Vog? What is that? Well, fog is tiny suspended droplets in the air, while vog are suspended particulates from volcanoes. This volcanic air pollution casts a hazy scene near the Hawaiian Islands as sulfur dioxide from the volcanoes mix with oxygen and water vapor in the atmosphere to form tiny sulfate particles. These particles can reflect the sunlight, making the extent of vog detectable by satellites, such as in this example from 2008.
While the vog in this example was an extreme case, from the ground, these particulates can create a hazy view. This picture was taken by Stephen Green on a plane near the Kona airport on the Big Island of Hawaii, showing an example of the haze.
Notice how the haze is trapped in a shallow layer near the ground. This happens because of what’s called an inversion, where the temperature increases with height instead of typical decreasing. This “trade inversion” provides a cap to the vertical growth of clouds, which is why the cumulus clouds in this photo remain shallow in this layer. This stable scenario forms when winds are weak, so the vog persists in this shallow layer of stagnant air near the surface. Balloons launched twice a day from locations around the U.S., including Hawaii, carry instruments into the atmosphere that measure the vertical profile of temperature, moisture, pressure, and winds. An example of these measurements from Hilo, on the day this photo was taken (1 April 2015), shows the existence of this temperature inversion, with dry air above it and moist, relatively calm conditions below.
A study by Guanxia et al. [Guangxia Cao, Thomas W. Giambelluca, Duane E. Stevens, and Thomas A. Schroeder, 2007: Inversion Variability in the Hawaiian Trade Wind Regime. J. Climate, 20, 1145–1160. http://journals.ametsoc.org/doi/full/10.1175/JCLI4033.1] used these observations from Hilo and from another location on the island to determine how often this trade wind inversion occurred. They found that the inversion occurs approximately 82% of the time at each station. The following figure from their paper also shows the height and strength (determined by temperature) of the inversion varies based on time of the year.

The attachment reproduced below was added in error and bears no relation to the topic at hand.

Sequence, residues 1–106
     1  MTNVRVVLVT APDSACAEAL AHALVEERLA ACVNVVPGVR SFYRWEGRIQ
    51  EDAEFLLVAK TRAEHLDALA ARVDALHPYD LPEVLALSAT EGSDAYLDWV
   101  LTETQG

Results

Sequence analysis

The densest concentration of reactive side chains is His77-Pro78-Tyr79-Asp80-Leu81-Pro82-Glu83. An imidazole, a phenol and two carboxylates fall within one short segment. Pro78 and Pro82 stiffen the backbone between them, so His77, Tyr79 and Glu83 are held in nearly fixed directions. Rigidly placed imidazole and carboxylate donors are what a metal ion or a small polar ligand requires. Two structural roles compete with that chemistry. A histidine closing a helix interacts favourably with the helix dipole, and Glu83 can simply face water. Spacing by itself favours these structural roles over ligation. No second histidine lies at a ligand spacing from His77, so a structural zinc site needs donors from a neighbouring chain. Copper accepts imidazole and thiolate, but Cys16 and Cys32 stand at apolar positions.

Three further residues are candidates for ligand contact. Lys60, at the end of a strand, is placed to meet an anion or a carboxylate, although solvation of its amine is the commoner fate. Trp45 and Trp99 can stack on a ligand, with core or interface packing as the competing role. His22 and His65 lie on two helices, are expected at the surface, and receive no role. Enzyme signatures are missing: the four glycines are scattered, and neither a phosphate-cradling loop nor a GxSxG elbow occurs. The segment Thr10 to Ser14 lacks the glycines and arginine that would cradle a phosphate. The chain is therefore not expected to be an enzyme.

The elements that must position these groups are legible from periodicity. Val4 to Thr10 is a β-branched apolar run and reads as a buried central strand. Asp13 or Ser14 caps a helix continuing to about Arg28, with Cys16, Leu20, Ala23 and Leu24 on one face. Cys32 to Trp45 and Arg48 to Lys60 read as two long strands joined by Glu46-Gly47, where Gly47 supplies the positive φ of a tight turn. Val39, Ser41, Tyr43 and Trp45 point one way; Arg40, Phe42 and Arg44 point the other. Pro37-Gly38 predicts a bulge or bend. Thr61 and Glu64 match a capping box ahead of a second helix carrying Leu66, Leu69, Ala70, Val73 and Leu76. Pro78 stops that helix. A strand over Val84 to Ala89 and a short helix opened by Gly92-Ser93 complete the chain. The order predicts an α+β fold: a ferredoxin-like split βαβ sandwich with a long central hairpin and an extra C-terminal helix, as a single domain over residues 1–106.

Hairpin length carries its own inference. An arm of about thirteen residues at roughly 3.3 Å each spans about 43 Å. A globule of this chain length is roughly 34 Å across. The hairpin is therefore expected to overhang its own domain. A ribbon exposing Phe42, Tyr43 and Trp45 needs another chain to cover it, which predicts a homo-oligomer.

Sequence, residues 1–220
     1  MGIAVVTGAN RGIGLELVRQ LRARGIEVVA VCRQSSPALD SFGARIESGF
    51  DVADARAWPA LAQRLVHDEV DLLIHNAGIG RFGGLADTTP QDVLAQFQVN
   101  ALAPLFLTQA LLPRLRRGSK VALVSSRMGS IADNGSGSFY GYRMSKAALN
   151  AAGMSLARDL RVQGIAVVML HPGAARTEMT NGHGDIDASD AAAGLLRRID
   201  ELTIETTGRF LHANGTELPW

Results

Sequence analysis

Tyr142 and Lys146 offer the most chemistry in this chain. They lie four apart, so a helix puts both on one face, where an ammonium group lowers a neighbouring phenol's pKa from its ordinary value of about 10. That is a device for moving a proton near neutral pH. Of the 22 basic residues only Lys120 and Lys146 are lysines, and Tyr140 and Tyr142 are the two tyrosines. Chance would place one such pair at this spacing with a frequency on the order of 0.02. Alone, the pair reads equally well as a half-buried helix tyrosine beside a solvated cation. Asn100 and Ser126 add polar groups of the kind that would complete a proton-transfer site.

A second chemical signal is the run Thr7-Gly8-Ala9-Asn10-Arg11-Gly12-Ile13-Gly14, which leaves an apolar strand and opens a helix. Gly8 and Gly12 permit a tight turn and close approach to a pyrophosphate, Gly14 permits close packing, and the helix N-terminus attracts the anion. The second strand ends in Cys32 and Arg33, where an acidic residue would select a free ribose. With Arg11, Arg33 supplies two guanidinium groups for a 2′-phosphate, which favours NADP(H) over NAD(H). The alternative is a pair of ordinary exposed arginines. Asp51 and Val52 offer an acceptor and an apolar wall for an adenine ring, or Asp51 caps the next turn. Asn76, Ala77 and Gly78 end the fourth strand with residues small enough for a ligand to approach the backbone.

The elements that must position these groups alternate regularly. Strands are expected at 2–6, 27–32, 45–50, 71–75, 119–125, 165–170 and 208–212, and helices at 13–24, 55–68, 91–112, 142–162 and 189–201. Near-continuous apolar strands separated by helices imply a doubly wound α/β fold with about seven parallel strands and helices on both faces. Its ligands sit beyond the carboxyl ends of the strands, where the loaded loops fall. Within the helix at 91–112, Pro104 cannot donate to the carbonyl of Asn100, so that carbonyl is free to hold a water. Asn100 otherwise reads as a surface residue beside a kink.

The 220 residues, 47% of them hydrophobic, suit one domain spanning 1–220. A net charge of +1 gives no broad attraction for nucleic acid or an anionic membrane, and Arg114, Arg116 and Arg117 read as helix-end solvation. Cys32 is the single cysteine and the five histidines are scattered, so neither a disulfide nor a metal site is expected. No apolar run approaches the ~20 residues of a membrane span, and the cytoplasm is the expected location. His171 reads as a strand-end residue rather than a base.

Here is another picture from Stephen of an obstructed view of the sky due to vog. In this example, haze from the Pu’u O’o eruption limited the view of lenticular clouds near Mauna Kea on the big island on 8 February 2015.
These inversions aren’t present all of the time as weather systems can move through and eliminate the stable layer, provide moisture, and remove the vog particulates. In these cases, the view on the big island is clearly stunning.
The upside to this inversion is that the vog and clouds are trapped in the lower part of the atmosphere, leaving a crystal clear view of the sky above. The Mauna Kea observatory is truly a sight to behold and we’ve had the fortune to gaze at the stars from that location on one of these clear nights.
Check out more of Stephen’s pictures on his Facebook page: https://www.facebook.com/stephengreenimages?fref=ts